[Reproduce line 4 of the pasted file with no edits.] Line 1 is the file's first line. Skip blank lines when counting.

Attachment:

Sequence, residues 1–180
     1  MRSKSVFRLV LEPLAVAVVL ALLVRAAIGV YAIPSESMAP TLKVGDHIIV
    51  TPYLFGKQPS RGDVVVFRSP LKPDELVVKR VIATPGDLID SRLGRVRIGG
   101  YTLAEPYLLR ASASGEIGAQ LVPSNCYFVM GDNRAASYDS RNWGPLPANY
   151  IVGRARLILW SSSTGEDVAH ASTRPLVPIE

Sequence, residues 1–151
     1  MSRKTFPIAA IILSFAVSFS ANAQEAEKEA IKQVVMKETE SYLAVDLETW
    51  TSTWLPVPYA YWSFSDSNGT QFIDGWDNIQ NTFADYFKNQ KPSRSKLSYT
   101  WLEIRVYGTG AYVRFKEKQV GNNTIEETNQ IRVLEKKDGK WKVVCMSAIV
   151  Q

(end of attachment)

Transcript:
   101  YTLAEPYLLR ASASGEIGAQ LVPSNCYFVM GDNRAASYDS RNWGPLPANY